“The cycle of violence needs extreme love to break it.” ~ Sarah Macdonald
The December Murders
On December 7, 1982, 15 outspoken journalists, university lecturers, lawyers, union leaders, community activists and military service men from the capital of my native Suriname, a small country above Brazil, were picked up for questioning.
Among these courageous beacons of hope and truth were my best friend’s uncle, a popular radio host with Robin Williams-like wit and appeal, a relative of an in-law, a gregarious friend of a close family-friend, a schoolmate’s concerned father—common household names that passed most parents’ lips when talking politics. Three days later, every single one of these men had been tortured and killed. I was 13 years old at the time.
The murdered victims were suspected of organizing a counter-coup against sergeant major Desi Bouterse, who jumpstarted his dictatorship a few years prior by bombing the police headquarters in the capital.
Bouterse was fed up with how long it was taking five year old, independent Suriname to fully wean off the financial aid provided by Holland, a colonizer that had over a period of three centuries graduated from ruthless slave driver, torturer and mass murderer to post-colonial, meddling, guilt-ridden parent.
If growing up to reject Holland’s patronizing, token gifts of restitution could be sped up by tough love, 7 p.m. curfews, threats, kidnappings, arson, “accidental” deaths and increasing violence and terror, so be it. Bouterse was confident that he had the most balls and brains, even if they were still stuck in puberty, to do this and fight for our freedom and independence.
During these years of terror that were dolled up as our collective struggle for emancipation, I watched young soldiers who looked like they were playing with toy rifles patrol up and down our street in their rickety jeeps, heard about the bullets that were shot through the windows of my father’s and his neighboring offices, and felt my mother’s heart sink when she, the principal of a junior high school, was forced by a soldier armed with an automatic rifle to end all instruction for the day and send her students to the Onafhankelijksheid Plein, (Independence Square), to rally on behalf of Bouterse’s cause.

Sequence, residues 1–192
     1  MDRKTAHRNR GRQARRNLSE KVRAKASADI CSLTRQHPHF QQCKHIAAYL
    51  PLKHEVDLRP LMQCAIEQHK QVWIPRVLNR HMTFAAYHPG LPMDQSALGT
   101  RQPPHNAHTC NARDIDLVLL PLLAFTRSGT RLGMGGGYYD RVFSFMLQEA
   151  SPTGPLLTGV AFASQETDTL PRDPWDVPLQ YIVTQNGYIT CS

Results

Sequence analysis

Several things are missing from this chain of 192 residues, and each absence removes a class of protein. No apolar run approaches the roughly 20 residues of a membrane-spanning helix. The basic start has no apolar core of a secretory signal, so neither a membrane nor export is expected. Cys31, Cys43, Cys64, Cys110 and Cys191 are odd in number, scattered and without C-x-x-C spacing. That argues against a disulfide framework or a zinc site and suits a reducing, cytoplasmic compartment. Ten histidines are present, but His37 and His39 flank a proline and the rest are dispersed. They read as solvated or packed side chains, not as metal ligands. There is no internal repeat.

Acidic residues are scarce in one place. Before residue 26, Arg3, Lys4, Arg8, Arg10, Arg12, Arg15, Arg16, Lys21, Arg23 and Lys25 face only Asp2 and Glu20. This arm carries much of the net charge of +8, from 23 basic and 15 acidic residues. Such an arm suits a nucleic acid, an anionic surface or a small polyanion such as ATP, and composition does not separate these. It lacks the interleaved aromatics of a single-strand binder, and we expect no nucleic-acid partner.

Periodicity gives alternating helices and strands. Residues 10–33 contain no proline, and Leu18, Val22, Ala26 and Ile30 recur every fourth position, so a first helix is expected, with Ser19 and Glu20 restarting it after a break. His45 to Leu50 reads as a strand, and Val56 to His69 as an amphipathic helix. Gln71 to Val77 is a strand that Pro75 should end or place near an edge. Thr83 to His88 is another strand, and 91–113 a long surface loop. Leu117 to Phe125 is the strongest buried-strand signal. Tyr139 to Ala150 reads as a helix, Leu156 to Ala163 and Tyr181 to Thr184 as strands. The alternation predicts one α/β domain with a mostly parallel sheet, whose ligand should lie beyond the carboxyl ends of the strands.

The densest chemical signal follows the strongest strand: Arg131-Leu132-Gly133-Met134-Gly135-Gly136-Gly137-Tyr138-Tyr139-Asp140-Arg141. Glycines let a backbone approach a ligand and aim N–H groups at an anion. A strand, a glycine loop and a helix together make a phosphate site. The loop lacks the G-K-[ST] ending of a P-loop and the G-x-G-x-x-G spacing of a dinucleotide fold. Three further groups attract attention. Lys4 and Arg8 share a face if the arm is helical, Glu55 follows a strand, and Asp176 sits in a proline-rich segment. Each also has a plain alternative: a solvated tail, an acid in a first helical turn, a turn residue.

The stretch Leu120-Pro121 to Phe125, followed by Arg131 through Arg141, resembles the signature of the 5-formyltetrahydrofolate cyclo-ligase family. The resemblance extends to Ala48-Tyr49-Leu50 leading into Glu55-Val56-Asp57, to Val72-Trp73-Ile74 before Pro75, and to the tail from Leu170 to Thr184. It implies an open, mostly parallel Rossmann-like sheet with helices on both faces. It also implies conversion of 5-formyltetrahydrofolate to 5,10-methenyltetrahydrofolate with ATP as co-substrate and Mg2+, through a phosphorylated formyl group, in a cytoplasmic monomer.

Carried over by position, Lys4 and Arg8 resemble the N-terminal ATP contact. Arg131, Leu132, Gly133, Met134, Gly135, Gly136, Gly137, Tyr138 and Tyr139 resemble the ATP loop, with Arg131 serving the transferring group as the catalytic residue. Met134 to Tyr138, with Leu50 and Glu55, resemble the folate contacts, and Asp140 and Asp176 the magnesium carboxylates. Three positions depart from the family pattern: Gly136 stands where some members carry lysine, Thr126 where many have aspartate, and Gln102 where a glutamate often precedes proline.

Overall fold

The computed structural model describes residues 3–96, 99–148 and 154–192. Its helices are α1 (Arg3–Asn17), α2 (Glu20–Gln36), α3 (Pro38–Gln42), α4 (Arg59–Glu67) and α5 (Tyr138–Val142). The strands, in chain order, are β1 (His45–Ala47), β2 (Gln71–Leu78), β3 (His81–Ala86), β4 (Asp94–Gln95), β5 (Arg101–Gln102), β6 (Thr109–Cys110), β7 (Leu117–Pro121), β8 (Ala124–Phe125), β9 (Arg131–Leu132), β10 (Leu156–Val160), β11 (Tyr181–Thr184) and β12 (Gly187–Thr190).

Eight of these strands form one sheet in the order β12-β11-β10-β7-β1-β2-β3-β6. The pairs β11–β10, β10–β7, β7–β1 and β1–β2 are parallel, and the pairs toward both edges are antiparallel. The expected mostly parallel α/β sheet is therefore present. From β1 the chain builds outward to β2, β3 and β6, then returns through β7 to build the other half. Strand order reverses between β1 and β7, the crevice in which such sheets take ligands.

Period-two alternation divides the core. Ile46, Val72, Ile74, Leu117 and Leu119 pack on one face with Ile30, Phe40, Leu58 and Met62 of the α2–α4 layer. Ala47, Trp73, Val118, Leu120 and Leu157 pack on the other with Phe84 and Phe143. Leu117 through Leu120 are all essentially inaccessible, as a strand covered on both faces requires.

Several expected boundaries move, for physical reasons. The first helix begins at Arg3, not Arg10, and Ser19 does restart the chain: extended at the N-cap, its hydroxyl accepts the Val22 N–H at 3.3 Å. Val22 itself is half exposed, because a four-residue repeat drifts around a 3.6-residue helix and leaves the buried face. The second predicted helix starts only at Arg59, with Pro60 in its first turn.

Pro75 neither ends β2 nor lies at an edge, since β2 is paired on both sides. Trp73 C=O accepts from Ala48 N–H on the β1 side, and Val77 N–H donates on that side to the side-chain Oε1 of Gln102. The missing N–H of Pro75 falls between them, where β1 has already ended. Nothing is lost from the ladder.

Ironically, because of Bouterse’s violent and twisted decolonization regimen and the abrupt stop of Dutch developmental aid, thousands of families fled to Holland in a mass exodus of nearly 250,000 people (about half of the population). The December massacre was the last blow for many, including my family. With just our clothes, my mother’s favorite China, my dad’s favorite architecture books, and a few prized possessions collected during their travels, we started our lives all over again in Miami, Florida.
Even though my family waded through huge material and non-material loss, lived under spoken and implied threats of terror, and struggled economically for years, we were able to flee from Bouterse’s tyrannical manipulation when at its peak. Most importantly, we and many Surinamese people were spared from what I consider to be the most incapacitating and degrading damage that could be done to the human spirit.